So I hope that the local media will pick up the ball from there and try to find him. [Laughs] Is he in the witness protection program?

To your point, I actually spoke earlier this year with Wesley Reed, who is running against Rep. Blake Farenthold, who is also on your target list —

Oh, Blake! Yes, we love Blake. We couldn’t do Blake, he was unflippable, but we loved him.

I tried to talk to him, too, and like you were saying, there are a lot of candidates who seemingly are just trying to run out the clock and lie low until the election’s over.

He’s doing the same strategy?

Yeah, they said yes and then I guess they figured out what Salon was because they never got back to me.

It’s such a cynical strategy to depend on the apathy of the voters and how uninformed they are.

Our reporter, Alexandra Pelosi, was in [Rep. Kline’s] district a couple of weeks ago, and she said the most amazing thing she found was that so many people: a) Don’t know there’s an election coming; and b) Don’t know who their representative is.

The only names they really knew were [Rep. Michele] Bachmann and Al Franken — and sometimes they were for both of them just because they had name recognition, which is pretty insane because obviously they’re diametrically opposed, politically.

Do you think of “Flip a District” as something you want to do again in 2016?

I don’t know. I mean, I’m just concentrated on this one. Let’s see what happens here. Maybe this guy will win by 30 points [laughs].

Y’know, he’s kind of making it a race where he’s running against me. That’s what he wants to do. To this day, he has not refuted one thing we’ve said about him. It’s all about — and, again, he doesn’t talk at all, but he speaks through his fundraising emails — it’s all about running against, y’know, “the Hollywood elite,” blah, blah, blah.

But I’m not on the ballot and it’s not supposed to be [about] me, and he doesn’t defend his record because it’s not a very easy record to defend.

I know this campaign is more about a negative endorsement than it is about cheerleading for Mike Obermueller, the Democratic candidate. But have you experienced any people from any of the Democratic campaigns reaching out and asking you to step back because they’re worried their opponent is fundraising off of making you the villain?

No, no. We have no communication with the Democratic campaign — I didn’t even know who [the Democratic candidate] was until I read it in one of Kline’s fundraisers. This is strictly a negative campaign [laughs]. It’s strictly a campaign to oust someone, and my position has always been that I don’t care who the opposition is; he literally couldn’t be worse.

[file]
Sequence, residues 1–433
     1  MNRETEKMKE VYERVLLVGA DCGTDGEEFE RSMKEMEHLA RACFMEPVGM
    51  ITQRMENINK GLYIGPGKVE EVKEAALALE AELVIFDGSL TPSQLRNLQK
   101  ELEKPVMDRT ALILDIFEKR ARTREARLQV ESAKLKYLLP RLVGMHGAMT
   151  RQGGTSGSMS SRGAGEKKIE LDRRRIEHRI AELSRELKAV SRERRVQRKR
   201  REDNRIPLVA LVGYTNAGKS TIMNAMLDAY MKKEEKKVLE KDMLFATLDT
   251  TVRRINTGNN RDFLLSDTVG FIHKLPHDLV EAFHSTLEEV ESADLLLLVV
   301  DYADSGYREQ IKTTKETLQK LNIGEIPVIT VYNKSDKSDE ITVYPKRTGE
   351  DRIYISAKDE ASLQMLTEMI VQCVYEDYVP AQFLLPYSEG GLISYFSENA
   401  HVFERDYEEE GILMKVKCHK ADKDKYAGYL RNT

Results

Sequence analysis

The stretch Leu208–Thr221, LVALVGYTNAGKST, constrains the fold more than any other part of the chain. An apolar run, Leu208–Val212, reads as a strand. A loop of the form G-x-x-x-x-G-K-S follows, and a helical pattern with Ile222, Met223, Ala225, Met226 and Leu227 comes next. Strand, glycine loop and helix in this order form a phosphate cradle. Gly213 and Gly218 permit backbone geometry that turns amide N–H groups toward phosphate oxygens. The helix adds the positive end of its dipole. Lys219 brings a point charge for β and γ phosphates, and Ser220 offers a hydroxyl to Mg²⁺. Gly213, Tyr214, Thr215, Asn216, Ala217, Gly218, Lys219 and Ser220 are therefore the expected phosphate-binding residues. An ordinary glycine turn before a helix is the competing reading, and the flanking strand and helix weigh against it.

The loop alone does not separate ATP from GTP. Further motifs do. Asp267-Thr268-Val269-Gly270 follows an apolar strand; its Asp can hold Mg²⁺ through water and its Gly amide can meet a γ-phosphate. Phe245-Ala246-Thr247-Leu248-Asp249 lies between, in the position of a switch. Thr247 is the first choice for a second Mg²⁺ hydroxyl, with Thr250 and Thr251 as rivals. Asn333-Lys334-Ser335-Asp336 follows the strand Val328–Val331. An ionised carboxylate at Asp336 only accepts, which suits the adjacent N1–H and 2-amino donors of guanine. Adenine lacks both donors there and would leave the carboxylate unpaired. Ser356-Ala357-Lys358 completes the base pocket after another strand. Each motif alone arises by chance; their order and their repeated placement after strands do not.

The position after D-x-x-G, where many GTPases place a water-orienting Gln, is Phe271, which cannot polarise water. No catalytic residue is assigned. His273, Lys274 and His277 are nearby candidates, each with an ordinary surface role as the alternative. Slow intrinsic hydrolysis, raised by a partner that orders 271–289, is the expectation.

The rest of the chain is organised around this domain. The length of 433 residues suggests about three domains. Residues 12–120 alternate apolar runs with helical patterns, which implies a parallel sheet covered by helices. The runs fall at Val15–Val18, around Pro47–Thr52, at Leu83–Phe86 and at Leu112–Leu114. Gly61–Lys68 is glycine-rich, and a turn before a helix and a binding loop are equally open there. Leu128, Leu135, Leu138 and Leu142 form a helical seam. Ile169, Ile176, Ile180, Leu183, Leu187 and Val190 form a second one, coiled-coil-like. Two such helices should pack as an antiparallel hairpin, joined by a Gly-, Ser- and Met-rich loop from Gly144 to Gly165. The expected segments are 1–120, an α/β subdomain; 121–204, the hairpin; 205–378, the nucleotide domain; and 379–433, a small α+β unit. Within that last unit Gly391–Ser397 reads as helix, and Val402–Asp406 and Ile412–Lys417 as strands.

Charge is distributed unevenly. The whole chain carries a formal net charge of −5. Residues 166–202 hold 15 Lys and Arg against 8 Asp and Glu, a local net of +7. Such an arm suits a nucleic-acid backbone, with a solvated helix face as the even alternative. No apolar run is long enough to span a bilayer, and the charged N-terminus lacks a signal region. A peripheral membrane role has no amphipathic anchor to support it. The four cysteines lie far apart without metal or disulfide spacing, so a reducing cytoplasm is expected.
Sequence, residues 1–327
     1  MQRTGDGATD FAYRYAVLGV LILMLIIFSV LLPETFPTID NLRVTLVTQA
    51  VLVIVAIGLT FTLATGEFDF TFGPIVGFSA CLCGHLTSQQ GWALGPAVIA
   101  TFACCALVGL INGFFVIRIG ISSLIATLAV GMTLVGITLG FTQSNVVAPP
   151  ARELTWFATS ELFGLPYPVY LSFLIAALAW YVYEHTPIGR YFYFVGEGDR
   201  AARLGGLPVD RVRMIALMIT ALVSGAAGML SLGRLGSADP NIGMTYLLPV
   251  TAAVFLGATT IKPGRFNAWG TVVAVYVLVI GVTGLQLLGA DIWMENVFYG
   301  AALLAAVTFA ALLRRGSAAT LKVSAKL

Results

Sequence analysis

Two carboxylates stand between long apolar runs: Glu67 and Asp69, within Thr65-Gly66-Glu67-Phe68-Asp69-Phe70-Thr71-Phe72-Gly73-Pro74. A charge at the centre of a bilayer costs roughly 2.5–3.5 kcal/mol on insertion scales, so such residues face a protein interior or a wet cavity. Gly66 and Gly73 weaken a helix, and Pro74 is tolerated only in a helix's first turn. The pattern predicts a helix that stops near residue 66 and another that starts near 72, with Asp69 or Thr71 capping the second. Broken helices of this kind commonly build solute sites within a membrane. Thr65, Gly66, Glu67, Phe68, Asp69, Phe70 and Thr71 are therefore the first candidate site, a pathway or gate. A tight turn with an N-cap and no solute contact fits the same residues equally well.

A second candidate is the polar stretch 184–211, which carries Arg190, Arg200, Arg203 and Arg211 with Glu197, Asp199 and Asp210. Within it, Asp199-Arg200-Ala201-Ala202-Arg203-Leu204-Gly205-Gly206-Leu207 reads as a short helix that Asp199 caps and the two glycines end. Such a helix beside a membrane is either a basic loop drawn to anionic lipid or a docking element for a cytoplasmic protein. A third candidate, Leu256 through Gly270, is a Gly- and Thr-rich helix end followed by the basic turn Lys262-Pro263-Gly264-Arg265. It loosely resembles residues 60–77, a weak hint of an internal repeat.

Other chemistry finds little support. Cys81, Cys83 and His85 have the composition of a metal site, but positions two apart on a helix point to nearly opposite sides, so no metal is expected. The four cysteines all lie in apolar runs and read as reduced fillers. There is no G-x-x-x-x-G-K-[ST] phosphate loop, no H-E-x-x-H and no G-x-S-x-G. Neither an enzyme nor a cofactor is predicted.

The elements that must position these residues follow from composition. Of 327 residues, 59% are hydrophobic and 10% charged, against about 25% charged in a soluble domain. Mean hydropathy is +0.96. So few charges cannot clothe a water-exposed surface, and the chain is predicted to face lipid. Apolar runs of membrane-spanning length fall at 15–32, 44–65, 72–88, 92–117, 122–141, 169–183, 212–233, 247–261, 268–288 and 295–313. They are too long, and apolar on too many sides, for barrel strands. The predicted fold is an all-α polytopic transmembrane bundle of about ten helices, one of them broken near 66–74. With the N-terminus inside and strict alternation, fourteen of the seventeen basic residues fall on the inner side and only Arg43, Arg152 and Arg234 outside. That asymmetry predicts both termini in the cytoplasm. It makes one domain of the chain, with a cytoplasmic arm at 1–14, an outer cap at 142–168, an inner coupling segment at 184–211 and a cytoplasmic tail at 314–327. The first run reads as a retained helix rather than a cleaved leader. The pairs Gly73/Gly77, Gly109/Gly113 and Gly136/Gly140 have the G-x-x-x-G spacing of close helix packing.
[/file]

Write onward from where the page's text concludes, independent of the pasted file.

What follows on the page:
So, look, you mentioned last night’s show. I’m not going to ask you to debate Islam with me; I’m sure you have more than enough people trying to do that with you right now —

Yeah, let’s leave that for a while. I’ve said enough about that.

But I want to ask you how you felt the Ben Affleck/Sam Harris segment went. Did you feel frustrated as it was happening?

Article continues:


Bill Maher and Ben Affleck Battle Over Radical Islam – ” They Will F*cking Kill You! ” – Published on Oct 3, 2014

October 3, 2014 – Ben Affleck, Bill Maher, Nicholas Kristol, Michael Steele, and author Sam Harris got into what could only be described as a tumultuous continuation of Maher’s comments on Islam from last week, with Maher and Affleck tearing into each other over the influence of fundamentalists in the Muslim community. “We have been sold this meme of Islamophobia, where criticism of the religion gets conflated with bigotry towards muslims as people,” Harris began. “It’s intellectually ridiculous.”

“Hold on — are you the person who officially understands the codified doctrine of Islam?” Affleck, on the show to promote his movie Gone Girl, interrupted, and argued that criticizing Islam, as Maher and Harris were doing it, was “gross and racist. It’s like saying, ‘Oh, you shifty Jew!’”

What follows is a few minutes of Affleck and Maher going at each other and yelling over each other, with the occasional interjection from Kristol and Steele providing intelligent perspective on reformers in the Muslim world, smart statistical analysis from Harris about the spectrum of fundamentalism, and then another few minutes of Affleck and Maher yelling at each other.

“Your argument is, ‘You know, black people, they shoot each other,’” said Affleck.